Capacity tests are a necessary evil. If performed properly, they are expensive, time-consuming and have limited predictive value depending upon their frequency. Consider a battery bank that is designed to provide eight hours of back up time. A proper capacity test incorporates a second battery in case of a power outage during the discharge test. This second battery must be at least the same size or bigger than the main battery being tested. The resistive load bank must be connected to the main battery bank and voltage leads are connected to each battery in the bank. This usually takes a full day.
On day 2 the eight hour test begins. A test for intercell connection resistance is often performed before the start of the capacity test. There are two schools of thought about performing the intercell connection resistance test:
1) It is not representative of a true “as found” autonomy test.
2) Certain precautions need to be taken to ensure that no major malfunctions occur that could have been avoided.
If there are major malfunctions, then the bank or at least some of the batteries will need to be replaced in an emergency situation. This decision is for those at each company who write procedures and maintain batteries.
Day 3 is the continuation of the recharge of the main bank. The voltage leads are removed and the resistive load bank is disconnected. The main battery recharge may continue on day 4 if the battery is not yet fully charged and ready for service. A properly run capacity test is the only true method of determining the bank’s actual capacity.
Impedance and Resistance
Impedance, an internal ohmic test, indicates the capability of a cell to deliver current. It is correlated to capacity. Although correlation to capacity is not 100%, it is an excellent way of finding weak batteries in the bank. The EPRI study reveals how well impedance and other internal ohmic tests work in finding weak cells. The impedance test applies and measures an AC current signal and measures simultaneously the AC voltage drop across a battery caused by the AC current signal. Following Ohm’s law, Z = E/i, impedance is calculated. Impedance is inversely proportional to capacity in that as capacity decreases, impedance increases. This test is fast (about 30 minutes for a 60-cell substation battery bank) and is non-invasive.
What is done with the data collected? How is the data interpreted to ensure that the battery bank will meet the required duty cycle? With the advent of better testing methods such as impedance, more useful data (rather than only voltage and specific gravity) can now be obtained. With such data come the data-handling problems and the analysis to paralysis problems. The recommended method is to use a database to track and trend all battery data over time and dispense with paper forms that cannot compare today’s data with yesterdays. A specialized database, one with space for all measured parameters, is important to aid in determining the condition of batteries and banks.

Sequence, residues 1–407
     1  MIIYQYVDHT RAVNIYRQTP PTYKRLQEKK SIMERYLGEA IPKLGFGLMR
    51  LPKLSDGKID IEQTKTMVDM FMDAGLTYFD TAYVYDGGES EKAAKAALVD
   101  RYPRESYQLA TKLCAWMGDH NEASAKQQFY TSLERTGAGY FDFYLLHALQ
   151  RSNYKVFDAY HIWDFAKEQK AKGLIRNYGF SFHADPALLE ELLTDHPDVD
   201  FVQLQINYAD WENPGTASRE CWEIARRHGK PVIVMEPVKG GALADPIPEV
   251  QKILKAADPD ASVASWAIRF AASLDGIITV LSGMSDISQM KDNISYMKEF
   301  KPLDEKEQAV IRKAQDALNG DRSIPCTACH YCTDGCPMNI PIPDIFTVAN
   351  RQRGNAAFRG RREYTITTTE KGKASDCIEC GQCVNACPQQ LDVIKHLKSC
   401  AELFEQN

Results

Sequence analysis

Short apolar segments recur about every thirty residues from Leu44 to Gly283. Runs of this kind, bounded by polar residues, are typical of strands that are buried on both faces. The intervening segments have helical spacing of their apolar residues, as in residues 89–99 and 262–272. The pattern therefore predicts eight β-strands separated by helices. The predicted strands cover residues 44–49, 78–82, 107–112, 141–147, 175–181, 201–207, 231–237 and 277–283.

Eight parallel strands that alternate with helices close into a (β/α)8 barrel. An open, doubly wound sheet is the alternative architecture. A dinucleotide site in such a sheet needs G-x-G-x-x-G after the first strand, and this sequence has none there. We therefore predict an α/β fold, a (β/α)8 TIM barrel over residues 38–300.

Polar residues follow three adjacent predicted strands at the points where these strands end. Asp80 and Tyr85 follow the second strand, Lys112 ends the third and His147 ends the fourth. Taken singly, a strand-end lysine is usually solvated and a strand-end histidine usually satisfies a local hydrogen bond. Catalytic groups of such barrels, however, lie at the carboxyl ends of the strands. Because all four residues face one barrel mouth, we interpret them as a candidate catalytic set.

Entering limits, with which the user is comfortable, in order to gain the most life from a battery without increasing risk, aids tremendously in extracting the most from a battery. The limits should be set for each parameter measured. For example, float voltage limits should follow manufacturers’ guidelines. Internal ohmic test limits are more debatable. In some cases, users will set a “failure limit” of 50% impedance increase for VRLA batteries from a predetermined baseline value. Float current limits tend to be less precise depending upon the size, age and alloy of the battery.
There are many failure modes for batteries. With care and measurement these can be dramatically reduced, especially if little to no testing is presently being performed. The battery is installed, not to add to work load, but to support critical electrical equipment or revenue streams. Proper testing and data analysis can help determine when a battery should be replaced. Testing also helps reduce emergency battery replacements and assists in budgetary planning, thus reducing cost. A properly implemented battery testing regime does not necessarily reduce the work load but it will, most likely, increase reliability of the entire DC network. (Marius Pitzer, Megger)